As part of his guilty plea, Toy also admitted to engaging in a scheme to conceal his criminal activity.  Toy admitted to causing more than $88,000 to be paid to Hardman in an attempt to prevent Hardman from reporting the bribery scheme to law enforcement authorities. Toy was also ordered to serve a supervised release term of three years following his prison sentence, and ordered to forfeit $100,000. Earlier this year, four other individuals pleaded guilty in connection with the bribery scheme.  On Feb. 18, 2014, Hardman, the co-founder of Company A and Company B, pleaded guilty to providing bribes to Toy and Miserendino.   On Feb. 19, 2014, McPhail, a former employee at Company A, pleaded guilty to conspiracy to commit bribery.   On April 4, 2014, White, a former vice president at Company A, pleaded guilty to conspiracy to commit bribery.   On March 5, 2014, Smith, the former president of Company A, pleaded guilty to conspiracy to bribe public officials.   On June 23, 2014, United States District Judge Henry Coke Morgan sentenced Smith to serve 48 months in prison followed by one year of supervised release and ordered him to forfeit $175,000.

 On May 23, 2014, a grand jury in the Eastern District of Virginia indicted Miserendino and Timothy S. Miller, a businessman whose company sought contracting business from the Military Sealift Command.   The indictment charges Miserendino with one count of conspiracy to commit bribery, one count of bribery, one count of conspiracy to commit obstruction of criminal investigations and to commit tampering with a witness, and one count of obstruction of criminal investigations.   The indictment charges Miller with one count of conspiracy to commit bribery and two counts of bribery.   Trial is set for Sept. 30, 2014, before Chief Judge Rebecca Beach Smith.

 Charges contained in an indictment are merely allegations, and a defendant is presumed innocent unless and until proven guilty beyond a reasonable doubt in a court of law.

 The case was investigated by the FBI, NCIS and DCIS.   The case was prosecuted by Trial Attorney Emily Rae Woods of the Criminal Division’s Public Integrity Section and Assistant U.S. Attorney Stephen W. Haynie of the Eastern District of Virginia.

U.S. Won’t Seize $100m Kurdish Oil Cargo, marex

1. Kurd Crude

A high-stakes dispute over a tanker carrying $100 million in Iraqi Kurdish crude took a surprising turn on Tuesday when a U.S. judge said she lacked jurisdiction given the ship’s distance from the Texas shore and urged that the case be settled in Iraq.

Federal magistrate Nancy K. Johnson said that because the tanker was some 60 miles (100 km) offshore, and outside territorial waters, an order she issued late on Monday for U.S. Marshals to seize the cargo could not be enforced.

She said the dispute between Iraq’s central government and the autonomous region of Kurdistan should be resolved in Iraq.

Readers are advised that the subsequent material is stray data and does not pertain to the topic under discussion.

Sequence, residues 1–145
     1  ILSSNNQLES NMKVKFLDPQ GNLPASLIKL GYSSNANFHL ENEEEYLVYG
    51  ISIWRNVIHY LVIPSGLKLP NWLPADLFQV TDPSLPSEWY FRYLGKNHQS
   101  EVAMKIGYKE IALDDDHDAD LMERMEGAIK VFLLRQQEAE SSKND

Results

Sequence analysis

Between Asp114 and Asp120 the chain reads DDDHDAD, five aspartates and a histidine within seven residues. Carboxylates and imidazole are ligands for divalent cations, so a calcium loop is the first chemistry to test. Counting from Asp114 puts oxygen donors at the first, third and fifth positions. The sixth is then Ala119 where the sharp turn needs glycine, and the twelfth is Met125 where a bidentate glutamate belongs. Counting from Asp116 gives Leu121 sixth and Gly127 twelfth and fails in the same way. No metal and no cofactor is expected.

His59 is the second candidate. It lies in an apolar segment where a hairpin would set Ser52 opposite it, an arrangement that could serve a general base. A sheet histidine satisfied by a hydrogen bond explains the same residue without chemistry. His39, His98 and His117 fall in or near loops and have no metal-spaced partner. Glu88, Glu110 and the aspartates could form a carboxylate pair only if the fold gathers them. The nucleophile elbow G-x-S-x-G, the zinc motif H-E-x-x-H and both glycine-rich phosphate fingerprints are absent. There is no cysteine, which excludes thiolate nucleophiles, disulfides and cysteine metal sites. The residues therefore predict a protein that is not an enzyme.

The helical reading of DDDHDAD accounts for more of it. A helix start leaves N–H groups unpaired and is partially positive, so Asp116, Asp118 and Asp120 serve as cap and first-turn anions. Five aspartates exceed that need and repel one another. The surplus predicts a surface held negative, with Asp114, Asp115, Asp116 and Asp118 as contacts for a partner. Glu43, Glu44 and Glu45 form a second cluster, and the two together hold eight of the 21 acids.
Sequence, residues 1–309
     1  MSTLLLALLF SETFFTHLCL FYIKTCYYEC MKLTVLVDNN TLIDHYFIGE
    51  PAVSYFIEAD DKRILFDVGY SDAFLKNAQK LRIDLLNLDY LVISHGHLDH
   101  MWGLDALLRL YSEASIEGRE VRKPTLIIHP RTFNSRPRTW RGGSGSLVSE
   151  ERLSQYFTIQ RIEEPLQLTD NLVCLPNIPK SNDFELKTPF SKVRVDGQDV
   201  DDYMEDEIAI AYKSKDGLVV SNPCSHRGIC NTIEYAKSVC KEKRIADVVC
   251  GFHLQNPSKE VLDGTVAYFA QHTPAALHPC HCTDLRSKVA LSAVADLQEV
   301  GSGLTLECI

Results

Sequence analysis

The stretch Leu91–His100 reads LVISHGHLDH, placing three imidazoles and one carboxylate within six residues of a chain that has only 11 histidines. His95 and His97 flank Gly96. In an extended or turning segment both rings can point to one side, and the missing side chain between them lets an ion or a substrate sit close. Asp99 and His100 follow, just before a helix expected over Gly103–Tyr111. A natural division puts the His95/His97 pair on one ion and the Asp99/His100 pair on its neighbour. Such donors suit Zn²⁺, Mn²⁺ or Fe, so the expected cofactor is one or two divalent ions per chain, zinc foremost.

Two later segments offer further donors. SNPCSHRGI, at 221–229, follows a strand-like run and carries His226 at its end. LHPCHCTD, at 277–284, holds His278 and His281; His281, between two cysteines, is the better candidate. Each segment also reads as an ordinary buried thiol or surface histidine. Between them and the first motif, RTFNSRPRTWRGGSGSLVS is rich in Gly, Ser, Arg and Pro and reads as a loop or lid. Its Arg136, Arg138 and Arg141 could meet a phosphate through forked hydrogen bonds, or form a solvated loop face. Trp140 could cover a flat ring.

Overnight Johnson signed an order directing the marshals to seize the 1 million barrels of crude from the United Kalavrvta tanker anchored in the Gulf of Mexico. Tuesday she scheduled a conference to give the two sides a chance to state their case. 

The ship could simply sail away, though it also could offload its cargo for delivery to another U.S. Gulf of Mexico port outside of Texas, lawyers said.

Baghdad’s lawyers had laid claim to the oil in a lawsuit filed on Monday, saying Kurdistan sold the crude without permission from the central government. 

The latest dispute over exports reflects Iraqi Kurds’ emboldened steps toward seizing greater political and economic autonomy, with oil sales seen as central to Kurdish dreams of independence that Baghdad opposes.

While the sides fought the legal battle in Houston, they pressed the political fight in the courtroom of public opinion.

Iraq warned companies against trying to buy other shipments of Kurdish crude after it won the seizure order, while Kurdish leaders asserted their right to sell the oil but said they would face obstacles.

“The Ministry of Oil in Baghdad continues to interfere directly and indirectly with KRG oil sales,” said Karwan Zebari, an official with the Kurdistan Regional Government’s representation in Washington. 


A lawyer in Houston for the Kurds said the regional government would file its own claim of ownership for the cargo, a sign the legal standoff might continue.

Meanwhile, a Kurdish government official said export plans would be hurt. 

“We have to acknowledge that the ruling of the U.S. court will definitely have negative consequences on the region’s attempts to market its oil,” he said of the order to seize the cargo. “Buyers now will start to step back and think twice before purchasing Kurdish crude.”

Washington has publicly opposed direct oil sales by the autonomous region, fearing they could contribute to the break-up of Iraq. It has stopped short of banning U.S. companies from buying the oil while warning them of potential legal risks.

Officials from the State Department and the U.S. Marshals Service said the judge’s order could only be applied if the ship entered U.S. territory.

In this case, that would be 12 nautical miles from shore, said Martin Davies, a law professor and the director of Tulane University’s Maritime Law Center in New Orleans.

If the oil’s owner wants to stay out of U.S. courts, “they just have to order the ship to stay out,” he said. While the rulers of Iraq’s northern Kurdish enclave have long aspired to independence, their position has strengthened in recent months as Kurdish Peshmerga troops have outperformed Iraqi soldiers against Islamist militants.